gameTimer.addEventListener( TimerEvent.TIMER, moveEnemy );
		}
  • gameTimer.addEventListener — “apply an event listener to the gameTimer with the following parameters.” An event listener is like a robot that’s constantly checking to see if a particular “event” has occurred, and which runs another function if so. In this case, the event is…
  • TimerEvent.TIMER — this event goes off every time a Timer completes an interval; in our case, this event will be triggered every 25ms, because that is the interval of the gameTimer.
  • moveEnemy — this is the function that’s going to be run every time the TimerEvent occurs. We haven’t written this function yet; we’ll get to that in a minute.

TimerEvent is yet another thing that Flash has to be told about, so import it at the top (line 5):

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package 
{
	import flash.display.MovieClip;
	import flash.utils.Timer;
	import flash.events.TimerEvent;

Now we need to write that moveEnemy function that’ll actually be run every 25ms (lines 21-24):

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	public class AvoiderGame extends MovieClip 
	{
		public var enemy:Enemy;
		public var gameTimer:Timer;
 
		public function AvoiderGame() 
		{
			enemy = new Enemy();
			addChild( enemy );
 
			gameTimer = new Timer( 25 );
			gameTimer.addEventListener( TimerEvent.TIMER, moveEnemy );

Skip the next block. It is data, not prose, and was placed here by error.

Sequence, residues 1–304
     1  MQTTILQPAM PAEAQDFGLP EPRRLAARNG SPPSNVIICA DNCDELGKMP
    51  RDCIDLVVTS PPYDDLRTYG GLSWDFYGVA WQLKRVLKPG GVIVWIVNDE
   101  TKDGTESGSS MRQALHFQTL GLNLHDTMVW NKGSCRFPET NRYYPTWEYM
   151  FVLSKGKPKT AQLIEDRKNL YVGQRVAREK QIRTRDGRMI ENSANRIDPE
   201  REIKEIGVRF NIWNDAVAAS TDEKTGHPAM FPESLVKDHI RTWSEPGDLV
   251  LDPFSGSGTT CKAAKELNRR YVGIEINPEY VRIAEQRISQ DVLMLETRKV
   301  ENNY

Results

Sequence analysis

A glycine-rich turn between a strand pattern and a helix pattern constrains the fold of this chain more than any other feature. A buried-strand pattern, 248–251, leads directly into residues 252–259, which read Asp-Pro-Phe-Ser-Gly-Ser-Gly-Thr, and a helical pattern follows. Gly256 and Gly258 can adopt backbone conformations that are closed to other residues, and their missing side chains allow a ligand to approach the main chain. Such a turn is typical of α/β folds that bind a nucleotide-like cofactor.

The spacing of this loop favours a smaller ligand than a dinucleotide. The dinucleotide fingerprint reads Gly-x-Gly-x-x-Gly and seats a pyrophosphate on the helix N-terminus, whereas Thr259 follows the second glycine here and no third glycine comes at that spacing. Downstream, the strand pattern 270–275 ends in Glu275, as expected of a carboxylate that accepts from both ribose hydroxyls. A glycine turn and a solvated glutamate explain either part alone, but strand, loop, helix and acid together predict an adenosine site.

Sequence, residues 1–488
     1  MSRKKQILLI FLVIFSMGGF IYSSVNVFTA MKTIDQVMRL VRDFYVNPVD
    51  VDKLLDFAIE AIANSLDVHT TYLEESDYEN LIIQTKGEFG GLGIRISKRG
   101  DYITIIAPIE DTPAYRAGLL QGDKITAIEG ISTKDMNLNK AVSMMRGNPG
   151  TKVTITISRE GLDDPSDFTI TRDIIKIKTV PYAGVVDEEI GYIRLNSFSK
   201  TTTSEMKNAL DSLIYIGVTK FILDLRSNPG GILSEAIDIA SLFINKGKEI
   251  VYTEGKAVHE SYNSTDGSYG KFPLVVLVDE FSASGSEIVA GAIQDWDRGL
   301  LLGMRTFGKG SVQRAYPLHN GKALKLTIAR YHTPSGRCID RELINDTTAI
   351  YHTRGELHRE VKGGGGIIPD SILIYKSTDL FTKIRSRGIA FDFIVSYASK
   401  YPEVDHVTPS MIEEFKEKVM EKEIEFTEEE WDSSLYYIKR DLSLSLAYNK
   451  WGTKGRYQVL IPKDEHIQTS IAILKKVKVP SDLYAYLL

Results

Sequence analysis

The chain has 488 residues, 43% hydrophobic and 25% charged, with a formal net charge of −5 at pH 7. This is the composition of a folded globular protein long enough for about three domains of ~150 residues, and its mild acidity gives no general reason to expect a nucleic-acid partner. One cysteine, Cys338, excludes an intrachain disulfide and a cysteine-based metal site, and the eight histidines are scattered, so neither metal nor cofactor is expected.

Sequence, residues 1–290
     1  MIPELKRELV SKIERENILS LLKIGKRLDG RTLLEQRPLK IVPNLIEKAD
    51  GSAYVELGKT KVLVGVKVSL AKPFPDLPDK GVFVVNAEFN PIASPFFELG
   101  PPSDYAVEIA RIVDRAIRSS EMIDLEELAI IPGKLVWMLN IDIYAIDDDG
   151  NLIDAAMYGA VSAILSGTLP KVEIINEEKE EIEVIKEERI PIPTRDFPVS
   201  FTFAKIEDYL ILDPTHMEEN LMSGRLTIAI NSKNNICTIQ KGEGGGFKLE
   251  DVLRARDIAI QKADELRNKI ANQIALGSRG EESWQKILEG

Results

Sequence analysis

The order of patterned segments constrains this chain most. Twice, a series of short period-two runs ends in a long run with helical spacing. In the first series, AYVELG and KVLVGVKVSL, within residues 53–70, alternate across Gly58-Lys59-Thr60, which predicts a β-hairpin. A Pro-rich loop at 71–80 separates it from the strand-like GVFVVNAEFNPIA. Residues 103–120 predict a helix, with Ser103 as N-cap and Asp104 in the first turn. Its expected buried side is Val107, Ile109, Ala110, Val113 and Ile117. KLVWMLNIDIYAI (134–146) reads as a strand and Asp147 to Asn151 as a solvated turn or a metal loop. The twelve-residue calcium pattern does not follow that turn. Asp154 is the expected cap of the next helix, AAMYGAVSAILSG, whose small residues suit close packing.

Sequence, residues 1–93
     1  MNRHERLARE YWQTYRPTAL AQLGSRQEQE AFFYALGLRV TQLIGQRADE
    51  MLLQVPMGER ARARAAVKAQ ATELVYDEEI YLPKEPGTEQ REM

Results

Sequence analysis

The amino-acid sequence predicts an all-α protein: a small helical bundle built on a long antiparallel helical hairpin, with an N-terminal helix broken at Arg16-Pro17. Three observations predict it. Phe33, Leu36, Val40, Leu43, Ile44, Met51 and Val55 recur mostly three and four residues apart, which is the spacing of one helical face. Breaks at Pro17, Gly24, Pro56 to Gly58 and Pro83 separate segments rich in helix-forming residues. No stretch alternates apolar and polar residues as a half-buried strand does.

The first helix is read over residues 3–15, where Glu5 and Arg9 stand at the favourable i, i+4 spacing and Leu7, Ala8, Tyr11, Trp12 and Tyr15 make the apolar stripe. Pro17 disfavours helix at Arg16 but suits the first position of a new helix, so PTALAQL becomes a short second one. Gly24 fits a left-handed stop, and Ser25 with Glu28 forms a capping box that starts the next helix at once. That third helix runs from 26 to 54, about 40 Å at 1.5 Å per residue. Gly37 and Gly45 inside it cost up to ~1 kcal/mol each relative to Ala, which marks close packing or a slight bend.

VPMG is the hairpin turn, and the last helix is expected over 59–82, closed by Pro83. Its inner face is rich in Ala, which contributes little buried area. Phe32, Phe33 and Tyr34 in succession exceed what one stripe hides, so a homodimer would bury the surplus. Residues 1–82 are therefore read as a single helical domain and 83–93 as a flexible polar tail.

}
 
		public function moveEnemy( timerEvent:TimerEvent ):void 
		{
 
		}
	}

Again, we’ve got something inside the parenthesis. This allows the event listener to pass information about the event through to the moveEnemy function, in the form of an instance (timerEvent) of the class TimerEvent. We don’t need to know any of that information, however, so we won’t be referring to it again. Also, there’s void again.

All we have to do now is use this new function to tell the enemy to move. Remember the moveDownABit function we put inside Enemy earlier? Time to make use of it:

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		public function moveEnemy( timerEvent:TimerEvent ):void 
		{
			enemy.moveDownABit();
		}

So this tells the enemy instance to run its moveDownABit function. Save everything, and run the game (Control > Test Movie, remember).

Nothing happens.

We have to tell the gameTimer to start! Go ahead and edit your game’s constructor as below (line 19):

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		public function AvoiderGame() 
		{
			enemy = new Enemy();
			addChild( enemy );
 
			gameTimer = new Timer( 25 );
			gameTimer.addEventListener( TimerEvent.TIMER, moveEnemy );
			gameTimer.start();
		}

Save everything, and run it again. Success! The enemy is moving downscreen, at a healthy rate of 3 pixels per 25ms (or 120 pixels/second).

Now we need to add some amount of interactivity, otherwise this is just a movie and not a game.

Get your Head in the Game

First we have to make our player’s avatar. In your FLA file, create a new symbol, of type Movie Clip, called Avatar. (Check out the section above on creating the enemy if you can’t remember how to do this.) Draw whatever you want to represent the player. Frozen Haddock defied convention again by picking a skull for his protagonist. I want to get in on some of this action.

screenshot

Don’t feel bad if your drawings aren’t anywhere near as good as mine. After all, I do have a GCSE in graphic design.